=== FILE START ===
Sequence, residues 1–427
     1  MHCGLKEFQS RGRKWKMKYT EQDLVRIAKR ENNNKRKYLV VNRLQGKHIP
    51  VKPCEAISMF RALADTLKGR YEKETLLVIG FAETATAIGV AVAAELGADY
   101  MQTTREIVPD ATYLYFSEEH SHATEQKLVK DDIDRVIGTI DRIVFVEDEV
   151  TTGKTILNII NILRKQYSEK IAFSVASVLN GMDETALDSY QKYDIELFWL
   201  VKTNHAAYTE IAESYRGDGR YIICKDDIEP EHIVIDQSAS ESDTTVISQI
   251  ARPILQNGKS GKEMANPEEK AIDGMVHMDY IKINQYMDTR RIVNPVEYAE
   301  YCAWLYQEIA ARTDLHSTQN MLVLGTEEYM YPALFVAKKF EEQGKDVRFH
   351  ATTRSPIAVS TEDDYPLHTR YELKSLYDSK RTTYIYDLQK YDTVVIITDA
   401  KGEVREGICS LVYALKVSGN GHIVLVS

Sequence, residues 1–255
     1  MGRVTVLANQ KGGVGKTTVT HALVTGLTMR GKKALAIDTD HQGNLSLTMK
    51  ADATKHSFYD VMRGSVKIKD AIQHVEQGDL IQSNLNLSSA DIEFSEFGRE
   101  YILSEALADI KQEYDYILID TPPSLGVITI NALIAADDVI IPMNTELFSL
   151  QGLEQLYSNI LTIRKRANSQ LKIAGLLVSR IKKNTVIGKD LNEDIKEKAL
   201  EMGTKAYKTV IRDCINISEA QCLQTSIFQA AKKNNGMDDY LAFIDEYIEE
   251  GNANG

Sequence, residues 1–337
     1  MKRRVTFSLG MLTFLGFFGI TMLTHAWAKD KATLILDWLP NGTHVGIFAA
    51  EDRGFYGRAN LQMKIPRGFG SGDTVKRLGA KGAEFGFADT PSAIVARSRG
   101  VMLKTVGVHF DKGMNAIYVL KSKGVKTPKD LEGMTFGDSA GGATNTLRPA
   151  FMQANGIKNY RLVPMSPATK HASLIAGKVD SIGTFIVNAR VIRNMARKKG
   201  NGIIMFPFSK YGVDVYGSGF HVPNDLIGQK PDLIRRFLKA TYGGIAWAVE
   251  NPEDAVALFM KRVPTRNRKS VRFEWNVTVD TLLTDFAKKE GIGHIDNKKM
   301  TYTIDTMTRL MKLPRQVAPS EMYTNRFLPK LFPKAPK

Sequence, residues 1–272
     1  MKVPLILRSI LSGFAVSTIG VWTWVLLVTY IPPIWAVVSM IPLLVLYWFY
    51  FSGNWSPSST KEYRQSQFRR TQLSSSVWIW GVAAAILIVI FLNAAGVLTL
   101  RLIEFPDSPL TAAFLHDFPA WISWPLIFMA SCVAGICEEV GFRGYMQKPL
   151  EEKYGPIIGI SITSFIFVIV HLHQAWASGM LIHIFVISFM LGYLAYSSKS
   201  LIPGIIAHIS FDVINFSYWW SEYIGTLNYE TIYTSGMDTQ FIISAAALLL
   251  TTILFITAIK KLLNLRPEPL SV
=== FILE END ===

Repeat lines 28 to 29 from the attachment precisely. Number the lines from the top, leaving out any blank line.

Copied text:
    51  FSGNWSPSST KEYRQSQFRR TQLSSSVWIW GVAAAILIVI FLNAAGVLTL
   101  RLIEFPDSPL TAAFLHDFPA WISWPLIFMA SCVAGICEEV GFRGYMQKPL